Living Free in the Rockies

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Bill Moyers takes a fascinating look at Stewart Mace, a World War II vet who moved to a remote corner of Colorado to raise his family and his huskies.



BILL MOYERS: I’m Bill Moyers, believe it or not, and this is my oldest son, Cope. The ride we’ve just taken down from the high Rockies is part of this week’s Journal. It’s part of the story of a man whose love for his family, this mountainous country, and those Husky dogs, makes him a unique figure in the eternal struggle of selfhood against mobism. Join me as we meet Stuart Mace.

BILL MOYERS: This is Toklat, twelve miles northwest of Aspen, Colorado 10,000 feet above sea level, in the Rockies. In Eskimo, the word means a valley formed by a glacier, as Toklat was millions of years ago. This is where, in 1947, Stuart Mace chose to live and where, with his wife, four sons and a daughter, he built this home from timber and stone taken from the valley. He came to these mountains to raise his children close to nature, and because here he would be able to keep his Huskies. During the Second World War, Stuart Mace had been in charge of Artic survival, and the dogs he trained to rescue downed American fliers became friends he wanted to keep alive.

STUART MACE: Anybody home down here? Oh, it’s nice and warm and toasty. Come on. Come on, big shot. That’s the boy. Come on. Here’s my big shot. Come on, big shot. Come on, these men won’t hurt you. Now here’s a big, healthy guy who has no basic problems in the world at the moment, except the worming we’re going to have to do in another week. This is a big Malamute. The mother’s a medium-large Malamute, and the father’s a very, very large one. So you see the broad skull, the thick face, even in the puppy. You know it’s a Malamute, which is your Alaskan-type dog. They have a sense of community, these animals do. I mean, they all belong here. They all have been raised here. They all have worked here. You have everything from the little guy’s sister to the grandpas, but they’re all one. And you can see calmness of this cookie here. Couldn’t you even stir a little bit, and show a little enthusiasm about getting scratched and petted? How about it? May I have a paw first? You see, there’s jealousy.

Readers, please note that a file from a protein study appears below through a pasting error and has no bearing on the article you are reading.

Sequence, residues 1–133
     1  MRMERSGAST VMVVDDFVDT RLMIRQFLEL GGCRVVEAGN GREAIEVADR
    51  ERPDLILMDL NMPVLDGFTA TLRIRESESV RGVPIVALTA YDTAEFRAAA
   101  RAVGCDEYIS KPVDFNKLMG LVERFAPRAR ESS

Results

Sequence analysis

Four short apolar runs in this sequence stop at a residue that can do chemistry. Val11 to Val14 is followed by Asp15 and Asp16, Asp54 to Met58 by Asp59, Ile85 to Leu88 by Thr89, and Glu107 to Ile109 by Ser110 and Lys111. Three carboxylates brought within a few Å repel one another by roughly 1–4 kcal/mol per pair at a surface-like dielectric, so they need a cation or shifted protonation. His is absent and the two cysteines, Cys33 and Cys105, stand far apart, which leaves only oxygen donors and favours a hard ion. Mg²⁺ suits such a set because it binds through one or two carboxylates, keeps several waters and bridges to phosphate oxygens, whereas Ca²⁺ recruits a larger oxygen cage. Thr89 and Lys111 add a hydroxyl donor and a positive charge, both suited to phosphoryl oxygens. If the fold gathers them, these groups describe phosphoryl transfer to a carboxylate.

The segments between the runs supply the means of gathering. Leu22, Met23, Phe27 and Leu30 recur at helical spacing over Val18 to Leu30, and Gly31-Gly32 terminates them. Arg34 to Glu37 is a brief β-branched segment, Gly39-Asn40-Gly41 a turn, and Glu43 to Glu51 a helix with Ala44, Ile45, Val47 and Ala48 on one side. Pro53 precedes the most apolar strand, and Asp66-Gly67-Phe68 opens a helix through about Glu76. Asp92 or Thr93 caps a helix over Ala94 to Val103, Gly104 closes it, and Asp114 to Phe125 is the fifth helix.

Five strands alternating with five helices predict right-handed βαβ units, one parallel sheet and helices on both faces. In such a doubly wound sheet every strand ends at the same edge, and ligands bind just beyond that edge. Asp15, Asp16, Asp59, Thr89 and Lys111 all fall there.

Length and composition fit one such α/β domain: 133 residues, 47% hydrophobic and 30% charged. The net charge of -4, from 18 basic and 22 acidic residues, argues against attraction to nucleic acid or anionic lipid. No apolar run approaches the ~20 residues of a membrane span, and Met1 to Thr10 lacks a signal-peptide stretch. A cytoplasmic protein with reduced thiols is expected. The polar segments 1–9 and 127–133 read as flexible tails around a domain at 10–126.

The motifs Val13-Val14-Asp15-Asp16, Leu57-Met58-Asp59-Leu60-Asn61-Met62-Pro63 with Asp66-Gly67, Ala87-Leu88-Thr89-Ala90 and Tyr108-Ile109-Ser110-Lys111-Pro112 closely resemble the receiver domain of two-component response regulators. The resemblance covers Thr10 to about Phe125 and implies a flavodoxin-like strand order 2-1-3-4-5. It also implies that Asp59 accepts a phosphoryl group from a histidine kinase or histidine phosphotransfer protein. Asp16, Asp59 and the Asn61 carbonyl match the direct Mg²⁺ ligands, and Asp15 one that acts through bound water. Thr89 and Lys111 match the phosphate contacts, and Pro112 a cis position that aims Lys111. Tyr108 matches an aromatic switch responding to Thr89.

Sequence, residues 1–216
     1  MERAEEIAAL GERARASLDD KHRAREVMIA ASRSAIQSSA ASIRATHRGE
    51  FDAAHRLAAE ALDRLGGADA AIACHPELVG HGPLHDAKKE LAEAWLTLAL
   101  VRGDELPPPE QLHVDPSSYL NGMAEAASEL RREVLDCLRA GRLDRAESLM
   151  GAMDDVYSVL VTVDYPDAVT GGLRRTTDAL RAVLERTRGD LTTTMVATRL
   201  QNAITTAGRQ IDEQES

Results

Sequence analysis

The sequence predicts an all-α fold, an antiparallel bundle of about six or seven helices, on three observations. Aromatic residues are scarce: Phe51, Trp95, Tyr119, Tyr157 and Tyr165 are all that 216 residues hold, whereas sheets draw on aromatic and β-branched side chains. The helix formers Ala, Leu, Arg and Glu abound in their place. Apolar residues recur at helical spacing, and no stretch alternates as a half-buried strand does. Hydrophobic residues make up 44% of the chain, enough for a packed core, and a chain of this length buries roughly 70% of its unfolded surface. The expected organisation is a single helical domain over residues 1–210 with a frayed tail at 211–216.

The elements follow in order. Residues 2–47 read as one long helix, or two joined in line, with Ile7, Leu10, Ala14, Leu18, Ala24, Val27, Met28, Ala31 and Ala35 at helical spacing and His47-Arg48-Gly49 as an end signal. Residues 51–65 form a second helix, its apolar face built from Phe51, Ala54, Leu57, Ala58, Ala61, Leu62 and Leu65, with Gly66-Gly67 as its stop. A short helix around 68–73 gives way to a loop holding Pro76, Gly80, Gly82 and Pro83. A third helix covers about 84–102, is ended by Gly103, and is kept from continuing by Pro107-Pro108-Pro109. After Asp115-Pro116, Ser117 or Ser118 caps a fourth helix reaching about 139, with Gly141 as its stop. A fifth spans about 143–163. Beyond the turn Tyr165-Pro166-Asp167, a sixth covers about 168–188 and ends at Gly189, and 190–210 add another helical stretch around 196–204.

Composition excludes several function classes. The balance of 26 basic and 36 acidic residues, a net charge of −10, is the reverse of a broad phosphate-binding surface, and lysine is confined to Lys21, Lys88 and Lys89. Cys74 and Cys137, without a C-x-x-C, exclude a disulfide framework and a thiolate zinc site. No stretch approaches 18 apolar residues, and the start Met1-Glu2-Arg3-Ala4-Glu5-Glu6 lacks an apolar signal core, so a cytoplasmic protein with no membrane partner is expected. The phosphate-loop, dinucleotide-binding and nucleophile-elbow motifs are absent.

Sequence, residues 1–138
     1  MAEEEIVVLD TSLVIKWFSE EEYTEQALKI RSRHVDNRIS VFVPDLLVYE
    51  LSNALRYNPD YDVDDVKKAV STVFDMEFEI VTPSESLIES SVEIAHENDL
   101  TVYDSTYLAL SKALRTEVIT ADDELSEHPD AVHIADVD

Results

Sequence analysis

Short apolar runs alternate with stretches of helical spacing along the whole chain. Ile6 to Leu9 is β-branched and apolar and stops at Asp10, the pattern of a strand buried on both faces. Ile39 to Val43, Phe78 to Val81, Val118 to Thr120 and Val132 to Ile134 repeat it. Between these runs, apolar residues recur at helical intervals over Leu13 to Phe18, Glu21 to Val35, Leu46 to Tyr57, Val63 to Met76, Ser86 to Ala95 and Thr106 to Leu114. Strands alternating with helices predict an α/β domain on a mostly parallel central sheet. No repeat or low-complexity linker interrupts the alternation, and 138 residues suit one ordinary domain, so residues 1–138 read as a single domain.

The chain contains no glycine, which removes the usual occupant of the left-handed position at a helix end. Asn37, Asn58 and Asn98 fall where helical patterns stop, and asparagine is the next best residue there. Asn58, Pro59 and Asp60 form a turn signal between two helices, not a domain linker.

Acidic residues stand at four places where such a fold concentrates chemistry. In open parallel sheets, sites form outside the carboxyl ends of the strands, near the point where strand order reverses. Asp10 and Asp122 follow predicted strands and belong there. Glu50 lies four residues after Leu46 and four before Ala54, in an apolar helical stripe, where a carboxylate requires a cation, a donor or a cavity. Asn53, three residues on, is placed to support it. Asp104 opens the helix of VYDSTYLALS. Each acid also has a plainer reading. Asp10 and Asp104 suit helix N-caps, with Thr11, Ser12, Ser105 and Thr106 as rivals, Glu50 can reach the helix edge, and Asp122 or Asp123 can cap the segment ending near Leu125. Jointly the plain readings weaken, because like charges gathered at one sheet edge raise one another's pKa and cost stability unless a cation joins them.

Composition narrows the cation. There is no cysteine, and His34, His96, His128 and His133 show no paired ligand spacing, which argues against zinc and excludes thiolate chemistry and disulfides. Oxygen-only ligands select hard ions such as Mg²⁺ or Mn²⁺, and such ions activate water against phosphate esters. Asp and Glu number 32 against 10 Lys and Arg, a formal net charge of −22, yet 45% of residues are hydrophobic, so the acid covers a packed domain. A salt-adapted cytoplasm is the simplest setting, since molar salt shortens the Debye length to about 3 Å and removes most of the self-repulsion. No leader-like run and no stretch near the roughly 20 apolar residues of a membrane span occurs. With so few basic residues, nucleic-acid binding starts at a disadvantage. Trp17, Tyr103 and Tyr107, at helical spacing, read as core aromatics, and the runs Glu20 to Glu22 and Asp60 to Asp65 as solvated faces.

Malik, in Eskimo, means noisy — one who mouths off too much. And he was given that from a young pup, because he was the noisy one in the litter. He had too much to say. And he’s jealous because I’m petting Nick. Is that right? You want some? You — want a little T.L.C.? You do? O.K., O.K. This fellows name is Kabloonik — you see the big white eyebrows? The word Kabloonik, in Eskimo, means white eyebrows, and therefore means white man, because the first men to make contact with the Eskimos were the Norsemen who had the big, bushy, white eyebrows. So that’s Kabloonik — that’s the father of that brat over there, and he’s almost as much a brat as the son. This is Lika. Lika has the beautiful blue eyes, and Lika, in Eskimo, means ice. And he has the ice blue eyes. And he’s a very sensitive guy. A little later on, we’ll talk more about lead dogs, especially when you see them work, and what makes a good lead dog, and why all the storybooks are full of baloney. Lead dogs aren’t what the books have cracked them up to be.